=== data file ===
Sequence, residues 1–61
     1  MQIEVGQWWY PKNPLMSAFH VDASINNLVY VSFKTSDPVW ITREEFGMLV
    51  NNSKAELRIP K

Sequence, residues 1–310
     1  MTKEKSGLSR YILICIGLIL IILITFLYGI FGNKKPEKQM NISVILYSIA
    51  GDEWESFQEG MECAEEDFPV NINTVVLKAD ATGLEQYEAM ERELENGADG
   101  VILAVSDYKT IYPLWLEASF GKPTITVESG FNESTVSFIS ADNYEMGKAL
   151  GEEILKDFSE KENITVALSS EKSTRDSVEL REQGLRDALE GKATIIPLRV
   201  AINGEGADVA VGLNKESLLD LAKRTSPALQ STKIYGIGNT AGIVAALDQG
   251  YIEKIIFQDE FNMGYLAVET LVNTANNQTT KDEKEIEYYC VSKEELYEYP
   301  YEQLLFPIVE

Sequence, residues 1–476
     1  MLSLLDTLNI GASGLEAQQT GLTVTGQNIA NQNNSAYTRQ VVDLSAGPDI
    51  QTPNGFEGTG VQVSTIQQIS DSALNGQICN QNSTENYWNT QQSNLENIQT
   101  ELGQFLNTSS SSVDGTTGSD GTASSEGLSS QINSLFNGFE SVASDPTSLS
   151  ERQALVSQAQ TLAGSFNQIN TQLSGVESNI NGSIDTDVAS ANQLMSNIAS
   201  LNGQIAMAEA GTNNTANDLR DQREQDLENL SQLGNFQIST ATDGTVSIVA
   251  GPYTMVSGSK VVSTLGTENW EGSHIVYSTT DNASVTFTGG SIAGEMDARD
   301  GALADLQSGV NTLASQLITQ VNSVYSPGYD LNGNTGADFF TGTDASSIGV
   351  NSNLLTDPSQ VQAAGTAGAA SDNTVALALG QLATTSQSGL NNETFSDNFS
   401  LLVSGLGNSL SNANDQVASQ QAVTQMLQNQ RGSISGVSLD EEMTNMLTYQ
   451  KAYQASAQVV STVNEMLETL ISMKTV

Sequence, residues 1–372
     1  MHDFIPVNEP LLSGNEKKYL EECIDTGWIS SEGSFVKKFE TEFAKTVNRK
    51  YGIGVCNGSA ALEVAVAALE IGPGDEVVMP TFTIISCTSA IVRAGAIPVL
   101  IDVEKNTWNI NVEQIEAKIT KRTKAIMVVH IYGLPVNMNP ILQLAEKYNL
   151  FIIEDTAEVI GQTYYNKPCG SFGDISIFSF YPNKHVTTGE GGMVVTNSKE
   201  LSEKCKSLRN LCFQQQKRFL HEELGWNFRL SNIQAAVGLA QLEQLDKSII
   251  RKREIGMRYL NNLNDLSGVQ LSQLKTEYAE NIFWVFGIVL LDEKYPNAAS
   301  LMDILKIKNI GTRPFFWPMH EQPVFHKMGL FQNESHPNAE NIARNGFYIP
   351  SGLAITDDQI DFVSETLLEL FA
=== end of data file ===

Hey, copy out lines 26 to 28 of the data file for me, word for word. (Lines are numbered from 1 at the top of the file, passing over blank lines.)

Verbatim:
   101  IDVEKNTWNI NVEQIEAKIT KRTKAIMVVH IYGLPVNMNP ILQLAEKYNL
   151  FIIEDTAEVI GQTYYNKPCG SFGDISIFSF YPNKHVTTGE GGMVVTNSKE
   201  LSEKCKSLRN LCFQQQKRFL HEELGWNFRL SNIQAAVGLA QLEQLDKSII